- The easiest way to do this is to chop off the triangular tip of the coconut with a cleaver, and then quickly scoop the coconut up so that as little water spills out as possible. Then you can easily scrape out the flesh with a spoon.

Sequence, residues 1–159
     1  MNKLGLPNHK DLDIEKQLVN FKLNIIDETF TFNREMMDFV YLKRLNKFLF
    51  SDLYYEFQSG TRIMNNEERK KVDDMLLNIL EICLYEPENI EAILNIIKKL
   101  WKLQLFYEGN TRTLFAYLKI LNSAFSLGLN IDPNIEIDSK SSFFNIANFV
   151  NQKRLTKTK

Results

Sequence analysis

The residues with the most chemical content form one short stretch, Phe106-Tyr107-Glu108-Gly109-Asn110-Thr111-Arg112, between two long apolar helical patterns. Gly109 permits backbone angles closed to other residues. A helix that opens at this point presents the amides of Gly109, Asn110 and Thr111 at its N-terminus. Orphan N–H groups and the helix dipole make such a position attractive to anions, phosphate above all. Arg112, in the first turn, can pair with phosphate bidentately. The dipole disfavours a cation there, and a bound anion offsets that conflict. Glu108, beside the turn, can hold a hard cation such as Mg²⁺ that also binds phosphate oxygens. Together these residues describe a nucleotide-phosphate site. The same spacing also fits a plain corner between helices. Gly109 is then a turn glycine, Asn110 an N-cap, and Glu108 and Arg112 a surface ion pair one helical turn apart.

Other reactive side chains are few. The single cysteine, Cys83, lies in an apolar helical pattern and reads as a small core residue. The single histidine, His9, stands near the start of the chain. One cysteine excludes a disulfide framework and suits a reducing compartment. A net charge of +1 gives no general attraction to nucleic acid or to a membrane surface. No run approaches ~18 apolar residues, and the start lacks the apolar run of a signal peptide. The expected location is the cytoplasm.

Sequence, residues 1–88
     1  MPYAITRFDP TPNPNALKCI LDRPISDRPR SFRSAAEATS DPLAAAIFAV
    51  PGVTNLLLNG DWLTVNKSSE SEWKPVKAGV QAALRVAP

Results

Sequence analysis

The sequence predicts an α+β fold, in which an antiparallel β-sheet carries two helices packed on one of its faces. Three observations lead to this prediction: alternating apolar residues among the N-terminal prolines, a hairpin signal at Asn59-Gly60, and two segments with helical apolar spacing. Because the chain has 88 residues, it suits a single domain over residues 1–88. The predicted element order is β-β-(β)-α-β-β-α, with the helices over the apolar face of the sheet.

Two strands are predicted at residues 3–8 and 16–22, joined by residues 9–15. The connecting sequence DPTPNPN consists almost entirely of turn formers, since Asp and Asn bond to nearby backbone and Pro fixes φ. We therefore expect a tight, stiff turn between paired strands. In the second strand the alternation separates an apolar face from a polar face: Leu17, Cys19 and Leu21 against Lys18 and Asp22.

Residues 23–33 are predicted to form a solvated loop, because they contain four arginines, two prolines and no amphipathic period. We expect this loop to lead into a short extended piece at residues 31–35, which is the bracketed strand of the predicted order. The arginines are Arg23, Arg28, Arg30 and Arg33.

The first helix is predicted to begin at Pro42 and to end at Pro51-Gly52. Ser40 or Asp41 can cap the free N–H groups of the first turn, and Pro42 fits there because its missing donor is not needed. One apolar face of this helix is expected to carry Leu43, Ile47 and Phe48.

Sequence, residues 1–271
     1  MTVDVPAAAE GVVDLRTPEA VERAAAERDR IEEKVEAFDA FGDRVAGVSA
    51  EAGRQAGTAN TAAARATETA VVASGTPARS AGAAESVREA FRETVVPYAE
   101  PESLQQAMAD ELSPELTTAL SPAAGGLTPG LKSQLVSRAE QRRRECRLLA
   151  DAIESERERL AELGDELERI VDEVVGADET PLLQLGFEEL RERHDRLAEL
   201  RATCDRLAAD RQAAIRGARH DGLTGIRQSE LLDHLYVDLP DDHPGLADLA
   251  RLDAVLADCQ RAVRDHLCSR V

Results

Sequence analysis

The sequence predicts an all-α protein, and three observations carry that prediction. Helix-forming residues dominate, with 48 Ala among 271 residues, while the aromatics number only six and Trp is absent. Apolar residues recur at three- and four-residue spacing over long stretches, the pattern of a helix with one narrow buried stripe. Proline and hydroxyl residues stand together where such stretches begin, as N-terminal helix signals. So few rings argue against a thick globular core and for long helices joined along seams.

- Now if you’re like me, you might not own a cleaver. That’s not a problem, but opening a coconut without a clever is going to take a little elbow grease. Generally what I do is take a (clean) screw driver and mallet and hammer the screw driver into the coconut. Make two or three puncture marks in the side then tip it upside down over a large measuring cup, and let the water leak out. However depending on the size of your punctures this might take some time. I’m usually to impatient to wait very long and so I begin shaking the coconut vigorously to get all the water out. Once all or most of the water is out you can use the point of a chef knife (I recommend a cheap one, don’t use a good expensive chef knife for this in case it gets ruined) To dig into the puncture that you’ve made, then you can start sawing off the top of the coconut. This is where the elbow grease is going to come in. Depending on how firm the coconut is it might take a bit of work, though ideally it should be less then 10-15 minutes. Once I get a good crack into it, I generally cover the sharp end of the knife with a towel then press down on both the covered sharp end and the handle with each hand, and use the force of all my weight to slice through the coconut shell. Of course, if you have a partner who’s a bit stronger then you, you could always bribe him or her to do it for you. I have resorted to this in the past when I found my ‘elbow grease’ to be a bit lacking in the face of one very, strong and determined Thai coconut. Once the coconut is opened scrape out the flesh with a spoon and Ta-Da! Finished.